WASHINGTON — The U.S. Army has decided not to continue to qualify the Iron Curtain active protection system for the Stryker combat vehicle, Col. Glenn Dean, the Army’s Stryker program manager, said in an Aug. 24 interview with several reporters.
The decision may not come as a surprise, as the Army had already issued a solicitation asking for alternative APS solutions designed to protect the Stryker from incoming projectiles at close ranges — and several companies have publicly thrown their hat in the ring for the opportunity to provide solutions that could meet the Stryker’s active protection needs.
Iron Curtain was the only U.S.-based APS solution for Army combat vehicles. Herdon, Virginia-based Artis LLC’s Iron Curtain was selected by the Army to be qualified as an interim solution for Stryker roughly two years ago.
The Army determined it needed APS solutions to fill an immediate need while it develops its Modular Active Protection System (MAPS) and suite of Vehicle Protection Systems (VPS).
The service selected three vendors to supply commercially available APS systems to qualify them on its fleet of combat vehicles. Israel’s Rafael was picked to supply its Trophy APS system, already deployed with the Israeli military, for the Abrams tank; and another Israeli company, IMI, is supplying its Iron Fist for qualification on the Bradley Fighting Vehicle.
The Army already officially chose to field the Trophy system on four brigade sets of Abrams tanks, and according to Dean, who is also in charge of managing the interim APS capability for combat vehicles, the service is taking receipt of material for one and a half brigades, representing the initial tranche, with the intention to deliver vehicles to the Army in 2020.
But things haven’t been as easy with qualifications for Bradley and Stryker. First, funding became available later than the Abrams and Trophy effort, but both systems have had issues getting ready for Army-level testing and qualifications.
The Army is 50 percent of the way through live-fire testing of Iron Fist on Bradley and is expected to wrap up this fall with a decision on the way forward from Army leadership to follow behind. Aside from the delay in getting started on Army-level qualifications, weather on the range has caused significant delays, Dean noted.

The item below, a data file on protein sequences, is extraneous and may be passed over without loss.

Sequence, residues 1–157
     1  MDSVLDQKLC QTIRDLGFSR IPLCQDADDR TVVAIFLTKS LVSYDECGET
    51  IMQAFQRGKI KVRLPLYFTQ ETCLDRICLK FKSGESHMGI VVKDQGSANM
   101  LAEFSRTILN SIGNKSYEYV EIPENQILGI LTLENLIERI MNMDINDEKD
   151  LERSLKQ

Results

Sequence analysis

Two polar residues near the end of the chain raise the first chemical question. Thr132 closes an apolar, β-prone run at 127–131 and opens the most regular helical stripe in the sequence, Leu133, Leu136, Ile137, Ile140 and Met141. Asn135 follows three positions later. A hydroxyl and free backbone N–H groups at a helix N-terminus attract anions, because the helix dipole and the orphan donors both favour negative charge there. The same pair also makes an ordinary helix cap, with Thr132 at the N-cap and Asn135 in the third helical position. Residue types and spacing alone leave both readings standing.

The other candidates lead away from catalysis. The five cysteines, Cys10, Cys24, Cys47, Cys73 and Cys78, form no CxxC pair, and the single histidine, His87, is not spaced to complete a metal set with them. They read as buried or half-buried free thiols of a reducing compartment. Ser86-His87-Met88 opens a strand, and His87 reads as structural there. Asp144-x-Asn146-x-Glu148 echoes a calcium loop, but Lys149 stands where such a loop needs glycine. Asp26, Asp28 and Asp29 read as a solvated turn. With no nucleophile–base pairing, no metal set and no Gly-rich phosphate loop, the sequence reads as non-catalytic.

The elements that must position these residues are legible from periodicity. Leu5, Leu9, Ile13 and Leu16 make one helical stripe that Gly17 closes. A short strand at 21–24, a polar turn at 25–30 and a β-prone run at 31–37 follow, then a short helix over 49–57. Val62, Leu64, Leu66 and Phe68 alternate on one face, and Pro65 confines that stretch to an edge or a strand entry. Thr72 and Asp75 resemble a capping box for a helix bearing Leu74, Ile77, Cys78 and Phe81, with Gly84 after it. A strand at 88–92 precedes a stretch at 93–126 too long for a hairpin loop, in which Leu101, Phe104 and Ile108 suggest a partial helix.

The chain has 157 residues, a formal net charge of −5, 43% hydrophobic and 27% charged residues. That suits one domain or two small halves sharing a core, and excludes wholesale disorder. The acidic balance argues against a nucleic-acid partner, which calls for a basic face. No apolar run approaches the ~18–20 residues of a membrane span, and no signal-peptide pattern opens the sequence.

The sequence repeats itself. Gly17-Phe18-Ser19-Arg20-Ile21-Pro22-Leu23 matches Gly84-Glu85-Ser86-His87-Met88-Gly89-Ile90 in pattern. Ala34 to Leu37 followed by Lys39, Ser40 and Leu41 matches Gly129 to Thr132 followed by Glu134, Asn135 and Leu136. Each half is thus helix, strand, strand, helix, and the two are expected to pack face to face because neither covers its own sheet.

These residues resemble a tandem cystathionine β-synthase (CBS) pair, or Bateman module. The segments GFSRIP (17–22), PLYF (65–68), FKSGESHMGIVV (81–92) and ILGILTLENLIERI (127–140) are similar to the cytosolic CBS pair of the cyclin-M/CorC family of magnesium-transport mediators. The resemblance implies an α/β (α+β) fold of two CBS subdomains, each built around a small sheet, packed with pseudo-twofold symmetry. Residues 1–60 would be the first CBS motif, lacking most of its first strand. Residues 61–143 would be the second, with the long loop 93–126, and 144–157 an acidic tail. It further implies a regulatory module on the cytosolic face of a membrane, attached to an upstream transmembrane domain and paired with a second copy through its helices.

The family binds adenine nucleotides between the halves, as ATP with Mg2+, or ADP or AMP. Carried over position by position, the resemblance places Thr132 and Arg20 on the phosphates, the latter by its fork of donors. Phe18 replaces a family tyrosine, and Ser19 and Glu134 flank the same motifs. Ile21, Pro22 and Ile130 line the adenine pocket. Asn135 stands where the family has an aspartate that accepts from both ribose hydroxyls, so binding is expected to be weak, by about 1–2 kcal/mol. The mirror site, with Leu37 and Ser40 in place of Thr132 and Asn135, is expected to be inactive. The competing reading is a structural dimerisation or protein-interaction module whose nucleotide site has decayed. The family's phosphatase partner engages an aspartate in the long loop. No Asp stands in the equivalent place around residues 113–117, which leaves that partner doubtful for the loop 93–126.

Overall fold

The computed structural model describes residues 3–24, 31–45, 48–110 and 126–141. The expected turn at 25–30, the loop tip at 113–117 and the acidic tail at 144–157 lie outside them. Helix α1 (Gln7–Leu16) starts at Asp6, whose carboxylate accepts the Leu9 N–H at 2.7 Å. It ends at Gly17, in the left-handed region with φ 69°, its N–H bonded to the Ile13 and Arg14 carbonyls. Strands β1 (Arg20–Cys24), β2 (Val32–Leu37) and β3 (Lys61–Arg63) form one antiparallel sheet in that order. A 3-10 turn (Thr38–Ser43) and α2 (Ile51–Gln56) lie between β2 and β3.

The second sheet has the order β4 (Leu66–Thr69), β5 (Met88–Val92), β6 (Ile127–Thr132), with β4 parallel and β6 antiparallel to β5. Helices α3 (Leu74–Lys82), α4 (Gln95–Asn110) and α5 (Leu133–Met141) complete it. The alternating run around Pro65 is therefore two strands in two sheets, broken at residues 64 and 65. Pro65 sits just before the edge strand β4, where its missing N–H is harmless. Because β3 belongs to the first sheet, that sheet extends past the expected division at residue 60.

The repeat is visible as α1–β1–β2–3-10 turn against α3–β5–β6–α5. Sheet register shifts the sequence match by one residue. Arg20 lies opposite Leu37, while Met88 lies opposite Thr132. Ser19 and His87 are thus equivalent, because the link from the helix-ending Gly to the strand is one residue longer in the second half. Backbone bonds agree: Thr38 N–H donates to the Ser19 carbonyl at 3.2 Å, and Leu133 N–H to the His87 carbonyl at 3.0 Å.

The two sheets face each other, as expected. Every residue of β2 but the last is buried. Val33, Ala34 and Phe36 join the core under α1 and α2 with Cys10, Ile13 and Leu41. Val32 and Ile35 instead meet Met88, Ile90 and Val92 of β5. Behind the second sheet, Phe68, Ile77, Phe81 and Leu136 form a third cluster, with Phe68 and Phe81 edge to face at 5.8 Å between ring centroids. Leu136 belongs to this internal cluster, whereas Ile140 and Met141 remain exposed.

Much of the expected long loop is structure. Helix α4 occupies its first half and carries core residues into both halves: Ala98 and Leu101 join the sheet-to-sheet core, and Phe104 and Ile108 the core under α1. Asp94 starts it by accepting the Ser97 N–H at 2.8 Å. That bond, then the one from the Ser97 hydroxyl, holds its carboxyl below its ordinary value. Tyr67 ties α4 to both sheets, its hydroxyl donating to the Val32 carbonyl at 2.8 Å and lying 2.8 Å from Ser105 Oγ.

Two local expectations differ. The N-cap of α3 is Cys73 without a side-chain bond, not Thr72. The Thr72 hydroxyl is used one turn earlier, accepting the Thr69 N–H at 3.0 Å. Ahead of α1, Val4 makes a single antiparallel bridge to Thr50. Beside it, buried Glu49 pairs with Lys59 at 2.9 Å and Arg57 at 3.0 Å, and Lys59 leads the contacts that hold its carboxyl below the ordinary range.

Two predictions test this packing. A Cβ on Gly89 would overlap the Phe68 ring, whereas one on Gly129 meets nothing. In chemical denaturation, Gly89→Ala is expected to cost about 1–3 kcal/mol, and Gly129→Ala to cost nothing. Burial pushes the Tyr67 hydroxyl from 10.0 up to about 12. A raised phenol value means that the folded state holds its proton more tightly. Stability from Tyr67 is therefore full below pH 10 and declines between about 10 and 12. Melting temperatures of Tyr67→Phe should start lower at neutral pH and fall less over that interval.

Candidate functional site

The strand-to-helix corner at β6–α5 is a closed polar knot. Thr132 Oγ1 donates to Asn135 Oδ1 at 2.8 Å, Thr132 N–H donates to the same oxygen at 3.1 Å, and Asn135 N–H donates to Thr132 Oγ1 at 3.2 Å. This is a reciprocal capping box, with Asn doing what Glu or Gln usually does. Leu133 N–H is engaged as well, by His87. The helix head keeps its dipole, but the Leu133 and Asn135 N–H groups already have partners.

Iron Curtain evaluations ended this spring, and the Army took the results to leadership in May for a decision, he added.
Army leadership decided last week it wouldn’t move forward with Iron Curtain on Stryker because, while the system “generally worked in concept” and was “generally able to hit its targets,” it was not a mature enough system, Dean said, adding that to get it to the point the Army needed would have required significant time and investment, which was not “in the scope of our program.”
When asked if the system experienced any major failures, such as an inability to stop a projectile from hitting the Stryker vehicle during tests, Dean said he would not go into specifics on its performance, but added that Iron Curtain “generally performed well as a system.”
The Army is planning to hold a rodeo in November to demonstrate solutions it has not yet evaluated on a Stryker. Dean said this plan was already in the works before the Army decided not to proceed with Iron Curtain simply because Stryker Double-V Hulls were the most available as a test asset.
But now it’s also an opportunity to look for an alternative solution for the Stryker, Dean said.
The Army has $25 million in fiscal 2018 funding to assess and qualify an additional nondevelopmental APS system.
Dean made it clear the Army only wants to see solutions at the November rodeo that are not current versions of systems that have already been, or are being, evaluated.
While he wouldn’t say who might appear at the rodeo, Dean did say he’d leave it up to participants to announce their participation, adding that there’s no limit on the number of solutions that might be evaluated.
The service could also choose something already qualified on a different system, so it’s still possible a version of Trophy or Iron Fist could be considered for Stryker as well, Dean said. But those won’t be at the rodeo because the Army has already collected extensive data in order to determine suitability.
At least two companies have been invited to participate in the demonstration effort, a source told Defense News, but it’s believed there is at least one other participant likely to come out with a solution.
One of the companies that is highly likely to show is Germany’s Rheinmetall. The company encouraged the Army to also qualify its Active Defense System. The Army admitted, prior to receiving FY18 dollars, that it would want to qualify ADS if it had the funds.
Rheinmetall is partnered with Michigan-based Unified Business Technologies, Inc. — or UBT — on the ADS design and integration efforts in the states. Former Army acquisition czar Heidi Shyu and Scott Davis, the now-retired program executive officer for the Army’s ground combat support and combat service support office, serve on UBT’s board of directors.
Another could be Rafael’s Trophy VPS — a lighter version of the system on the Abrams tank — which the company will demonstrate on a Bradley later this month in Israel. U.S. Army representatives will be in attendance.
Rafael chose Bradley for the demonstration because of its availability as a platform for tests, but has said Trophy VPS can also be integrated onto Stryker and other lighter combat vehicles.
It seems to be somewhat of a mystery what other APS solutions may surface to demonstrate nondevelopmental capability on a Stryker platform, according to a source.